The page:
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PROPOSED APPROACH 75 Priority Capability 1 Chemical Standoff Detection 2 Chemical Point Detection 3 Biological Point Detection 4 Biological Standoff Detection 5 Respiratory and Ocular Protection 6 Biological Prophylaxis 7 Field Analytics 8 Personnel Contamination Mitigation 9 Integrated Early Warning 10 Radiological Standoff Detection 11 Radiological Point Detection 12 CBRN Reconnaissance 13 Equipment Contamination Mitigation 14 Chemical Prophylaxis 15 Medical Surveillance 16 Percutaneous Protection 17 Medical Diagnostics 18 Battle or Operating Environment Analysis 19 Biological Therapeutics 20 Chemical Therapeutics 21 Battle or Operating Environment Management System 22 Expeditionary Collective Protection 23 Radiological Prophylaxis 24 Fixed Site Contamination Mitigation 25 Radiological Therapeutics 26 Fixed Site Collective Protection 27 Methods of control 28 Remains Disposition 29 Hazardous Waste Control FIGURE 4.2 Joint Priority List (JPL) from 2011.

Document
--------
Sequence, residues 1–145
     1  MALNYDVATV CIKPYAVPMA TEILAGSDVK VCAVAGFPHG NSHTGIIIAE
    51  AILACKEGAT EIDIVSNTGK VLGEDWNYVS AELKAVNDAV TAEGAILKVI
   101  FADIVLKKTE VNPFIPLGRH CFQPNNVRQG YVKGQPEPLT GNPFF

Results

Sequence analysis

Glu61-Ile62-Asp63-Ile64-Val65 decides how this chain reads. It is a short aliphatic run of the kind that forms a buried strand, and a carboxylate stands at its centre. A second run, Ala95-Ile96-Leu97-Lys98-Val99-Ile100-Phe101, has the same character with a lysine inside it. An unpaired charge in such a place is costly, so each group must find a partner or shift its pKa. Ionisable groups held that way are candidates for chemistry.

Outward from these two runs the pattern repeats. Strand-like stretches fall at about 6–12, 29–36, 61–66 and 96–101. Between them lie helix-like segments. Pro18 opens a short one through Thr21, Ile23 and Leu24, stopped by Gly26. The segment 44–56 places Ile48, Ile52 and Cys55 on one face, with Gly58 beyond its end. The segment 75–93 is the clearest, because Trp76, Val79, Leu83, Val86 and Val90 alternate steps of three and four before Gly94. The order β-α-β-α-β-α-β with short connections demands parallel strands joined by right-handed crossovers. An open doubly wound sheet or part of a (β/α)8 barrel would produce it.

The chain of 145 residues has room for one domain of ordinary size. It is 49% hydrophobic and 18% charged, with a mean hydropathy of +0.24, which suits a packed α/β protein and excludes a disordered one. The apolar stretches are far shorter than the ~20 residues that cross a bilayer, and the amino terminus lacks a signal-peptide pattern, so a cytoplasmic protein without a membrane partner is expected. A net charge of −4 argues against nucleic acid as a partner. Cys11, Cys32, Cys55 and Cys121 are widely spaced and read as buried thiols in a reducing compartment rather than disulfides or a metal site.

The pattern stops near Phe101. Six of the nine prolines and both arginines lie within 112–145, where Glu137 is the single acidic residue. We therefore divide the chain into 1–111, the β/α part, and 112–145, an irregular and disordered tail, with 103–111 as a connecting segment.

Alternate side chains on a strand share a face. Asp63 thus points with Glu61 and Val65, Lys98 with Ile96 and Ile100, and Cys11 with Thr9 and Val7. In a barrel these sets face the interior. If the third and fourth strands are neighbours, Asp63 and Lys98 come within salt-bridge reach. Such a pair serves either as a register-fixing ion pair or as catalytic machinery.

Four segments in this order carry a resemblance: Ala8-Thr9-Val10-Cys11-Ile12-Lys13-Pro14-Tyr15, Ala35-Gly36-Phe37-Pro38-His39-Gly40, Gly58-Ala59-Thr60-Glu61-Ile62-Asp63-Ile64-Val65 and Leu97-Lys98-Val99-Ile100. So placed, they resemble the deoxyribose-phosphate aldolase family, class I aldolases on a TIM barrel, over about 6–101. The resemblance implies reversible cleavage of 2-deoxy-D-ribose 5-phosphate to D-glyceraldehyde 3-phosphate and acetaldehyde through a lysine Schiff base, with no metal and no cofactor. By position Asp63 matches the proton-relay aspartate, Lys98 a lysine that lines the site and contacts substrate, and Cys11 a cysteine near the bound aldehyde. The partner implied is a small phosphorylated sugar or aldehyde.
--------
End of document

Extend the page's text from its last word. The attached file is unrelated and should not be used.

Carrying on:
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76 CORE CAPABILITIES IN CHEMICAL AND BIOLOGICAL DEFENSE These preferences are then translated into ranked lists of priorities (for example, see Figure 4.2, 2011 Joint Priority List). The lists are then used to inform budget decisions via the Program Objective Memorandum (POM) process, with the idea of directing resources toward those capabilities that are higher on the priority lists. This type of approach fails to account for the reality that the scenarios upon which the priorities are predicated are most likely not the events that will unfold and that overall performance depends on interdependencies between the capabilities being developed. In addition, the rigidities of the POM cycle often make the timing of vari- ous research, development, test, and evaluation stages critical to project "success," and are not flexible. An alternative approach is to use capabilities-based planning (see Figure 4.3). Here, the goal is to adopt strategies that are flexible enough to provide capabilities for events other than those anticipated, adaptive to conditions other than those that are planned, and robust to attempts made to diminish these capabilities. Framing decision making in this way de- emphasizes prioritization and optimization of capabilities. Instead, this framing promotes making choices among portfolios of capabilities that balance tradeoffs among mission performance, risks, and costs. The out- put of this process approach is guidance on which capabilities to pursue. Execution and Strategy Planning Resourcing Accountability Assessment of Missions & E ectiveness, Tasks Costs & Risks Iterative CONOPs and Desired Test Cases Tradeo TTPs Capabilities Analysis Threats Alternative As-Is Portfolios of Capabilities Capabilities FIGURE 4.3 Diagram of an approach for planning in a capabilities-based process. Figure 4-3